Speaking to the Impartial Reporter, former international runner Hoy speaks about making the move from Ireland to work with the Millers
“My girlfriend was coming over to Sheffield to do a post grad teaching degree and I always knew I wanted to work in sport so I figured I would come too as there is not a lot of professional sport at home.” he explained.
“I had a look at what was available and saw a job with Rotherham which is near Sheffield and got a job with their academy in 2017. It was overseeing the U18 squad and the academy and I stayed there for a year and half before I ended up leaving Rotherham in December 2018 and I got a job with Hull as their U23s physio,” he added.
“I stayed at Hull for six months and then at the end of last season I got a call that the Head Physio was leaving Rotherham and the manager was looking for people and my name came up and they asked me to come back,” he said.
“I really enjoyed the academy football because it is great watching the development of players and seeing them get contracts and that but the games don’t really mean a lot."
“Now decisions we make during the week massively affect what happens on a Saturday and that whole pressure makes the game mean that much more. But when you win and the squad are going well, as staff you feel a real part of that. You feel that you have really contributed to it.”
“If a player got injured and I had to go and sit with the manager you would almost feel that you should apologise to him as if it was your fault but the player got injured on the pitch and it is obviously nothing to do with me that they got injured but I’m the one delivering the bad news and I found that tough initially,”
Mark’s main role is working with injured players at the club, who sit second in the table and are pushing for promotion.
“The injured players are my main priority day to day but then obviously you are always getting things thrown at you with players saying this hurts or that hurts so you are maintaining the fit players as much as you are rehabing the injured players. That’s the biggest thing as a physio, a player has a problem that he can play and get through with it but at what point do I step in and say you shouldn’t play. That’s the difficulty and where having a good relationship with the manager and other coaching staff, which I do, make it that wee bit easier,” he explained.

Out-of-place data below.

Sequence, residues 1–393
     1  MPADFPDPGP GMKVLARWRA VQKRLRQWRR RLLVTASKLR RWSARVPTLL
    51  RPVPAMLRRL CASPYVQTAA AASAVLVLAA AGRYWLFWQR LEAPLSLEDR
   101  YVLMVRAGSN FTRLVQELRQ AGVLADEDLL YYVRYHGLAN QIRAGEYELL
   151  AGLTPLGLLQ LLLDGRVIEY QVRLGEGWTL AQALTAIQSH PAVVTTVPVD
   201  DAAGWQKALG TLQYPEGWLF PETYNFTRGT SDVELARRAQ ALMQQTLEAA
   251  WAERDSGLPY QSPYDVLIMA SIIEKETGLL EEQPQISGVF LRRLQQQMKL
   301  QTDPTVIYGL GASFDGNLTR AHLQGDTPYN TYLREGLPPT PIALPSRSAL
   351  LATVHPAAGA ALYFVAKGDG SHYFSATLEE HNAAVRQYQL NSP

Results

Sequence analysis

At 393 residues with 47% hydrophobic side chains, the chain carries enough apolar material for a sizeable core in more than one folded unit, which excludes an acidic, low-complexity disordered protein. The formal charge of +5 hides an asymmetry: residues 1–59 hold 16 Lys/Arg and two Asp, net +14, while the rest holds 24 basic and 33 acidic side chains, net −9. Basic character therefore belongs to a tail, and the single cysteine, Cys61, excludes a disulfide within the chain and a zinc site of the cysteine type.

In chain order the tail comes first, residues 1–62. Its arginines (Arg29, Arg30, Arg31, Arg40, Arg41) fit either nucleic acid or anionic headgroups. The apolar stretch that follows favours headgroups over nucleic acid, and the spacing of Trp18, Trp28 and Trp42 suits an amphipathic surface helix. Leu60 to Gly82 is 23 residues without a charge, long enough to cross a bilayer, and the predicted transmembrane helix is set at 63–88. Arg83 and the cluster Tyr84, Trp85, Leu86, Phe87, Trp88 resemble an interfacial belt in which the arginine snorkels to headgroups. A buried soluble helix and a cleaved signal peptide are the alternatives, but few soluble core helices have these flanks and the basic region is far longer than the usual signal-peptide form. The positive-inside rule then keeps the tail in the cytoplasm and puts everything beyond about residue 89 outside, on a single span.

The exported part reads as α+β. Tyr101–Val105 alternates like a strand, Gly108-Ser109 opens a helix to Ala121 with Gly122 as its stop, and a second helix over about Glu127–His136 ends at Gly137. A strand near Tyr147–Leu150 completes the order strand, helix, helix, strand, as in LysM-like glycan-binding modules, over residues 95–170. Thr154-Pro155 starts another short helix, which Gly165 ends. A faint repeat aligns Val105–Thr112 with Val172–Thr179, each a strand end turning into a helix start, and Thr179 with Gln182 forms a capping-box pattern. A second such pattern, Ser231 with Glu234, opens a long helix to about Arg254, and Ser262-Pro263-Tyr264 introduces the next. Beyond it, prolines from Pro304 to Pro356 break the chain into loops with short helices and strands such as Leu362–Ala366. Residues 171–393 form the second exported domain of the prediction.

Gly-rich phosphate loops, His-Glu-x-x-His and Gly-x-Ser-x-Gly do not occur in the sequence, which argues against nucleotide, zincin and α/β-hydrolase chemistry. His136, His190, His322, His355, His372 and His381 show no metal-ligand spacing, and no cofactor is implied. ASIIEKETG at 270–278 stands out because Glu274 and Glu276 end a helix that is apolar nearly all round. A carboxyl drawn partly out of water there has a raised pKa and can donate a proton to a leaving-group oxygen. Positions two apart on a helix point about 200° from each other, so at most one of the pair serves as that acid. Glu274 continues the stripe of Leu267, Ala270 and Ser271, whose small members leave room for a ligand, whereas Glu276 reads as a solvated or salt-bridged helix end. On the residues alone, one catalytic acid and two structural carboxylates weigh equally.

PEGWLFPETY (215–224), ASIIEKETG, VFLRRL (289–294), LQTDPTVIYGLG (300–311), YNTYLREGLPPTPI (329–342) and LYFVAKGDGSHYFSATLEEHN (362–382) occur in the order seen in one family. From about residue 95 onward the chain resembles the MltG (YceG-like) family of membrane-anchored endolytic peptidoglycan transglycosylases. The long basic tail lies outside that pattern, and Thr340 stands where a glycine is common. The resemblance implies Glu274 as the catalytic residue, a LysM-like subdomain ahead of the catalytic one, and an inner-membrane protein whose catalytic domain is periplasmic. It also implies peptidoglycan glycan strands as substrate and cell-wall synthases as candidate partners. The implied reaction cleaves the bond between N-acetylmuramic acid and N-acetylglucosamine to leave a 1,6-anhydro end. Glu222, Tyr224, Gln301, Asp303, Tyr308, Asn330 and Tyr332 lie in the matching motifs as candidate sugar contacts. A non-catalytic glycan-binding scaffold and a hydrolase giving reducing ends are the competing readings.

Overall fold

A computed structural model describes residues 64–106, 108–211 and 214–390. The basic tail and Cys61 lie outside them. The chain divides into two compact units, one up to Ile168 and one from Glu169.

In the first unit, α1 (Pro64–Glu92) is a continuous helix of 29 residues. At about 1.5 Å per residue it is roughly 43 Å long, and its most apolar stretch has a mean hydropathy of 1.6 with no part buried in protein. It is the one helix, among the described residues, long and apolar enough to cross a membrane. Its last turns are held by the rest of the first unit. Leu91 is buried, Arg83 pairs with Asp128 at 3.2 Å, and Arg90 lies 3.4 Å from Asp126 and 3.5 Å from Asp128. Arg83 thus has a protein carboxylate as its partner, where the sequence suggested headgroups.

“Most games luckily I don’t have a lot to do when the match is actually going on. If I have something to do it is generally not a good sign for my line of work!"
“You can’t afford to get sucked into the game, you just have to take that step back and keep an eye on what is going on. It is important to keep an eye on certain players who may have had issues earlier in the game or one’s that you know came into the game with issues. It is important to keep communicating with the management and the players if you have a chance."
“If you have to go on to the pitch you just have to forget about the crowd, you have this player in front of you so you deal with whatever is in front of you and you make a decision about whether the player should stay on or come off,” he said.
Hoy is also involved with the medicals for transfers; “That was another thing that was a learning curve. We have two physios, the other one is known as our Head of Medical and he would take the lead on medical issues or something that might require seeing the doctor whereas I would lead more on the rehab."
“But I took a few of the medicals early on and it doesn’t really hit home to you until you hear the amount money that they are thinking of spending on the player, if I get this wrong I could potentially cost the club a lot of money. It’s not a lot in Premier League terms but it is still a lot. We sold a player for £2m last summer so it is a lot of money.”
With the country in lockdown, the rehab of players has taken an unusual course.
“We have two players at the minute, one who had an operation eight weeks ago on his knee and another one who has managed to avoid an operation but only because we have done a really intense rehab, so when the lockdown came into place we had to make a decision. If I don’t see these players for God knows how long, what position will they be in?"
“There are days that we can do things over video call but the two players, and in particular the one who had an operation, needs a lot of hands on treatment in terms of getting the range back into his knee so if we were to leave him and his knee was to stiffen up and not get that full movement back into his knee post op it could be career ending so we can’t justify leaving him."
“A lot of staff have been furloughed at the club but the nature of my job, the players still need access to someone medical so I have been lucky to be kept on my normal salary,” he stated.
“Between myself and the Strength and Conditioning coach, we have a number of classes each week and we just use Zoom. Me or him will just take a class; pilates, core, strength, spin or stretching classes. We have different ones throughout the day and the players just drop in to whatever ones suit their lives at home. All we ask is that they do so many of certain classes."
“The biggest challenge that we have is that there is no fixed date for when football starts up again so to keep them ticking over is difficult. If we knew that the season was starting up again on June 1 say, we know exactly what amount of time that we have got and we can let the players have a week or two relax and then build things up gradually to June when we know we will be playing football again. Without a date it has been a challenge but I do think we have been doing quite well with it,” he added.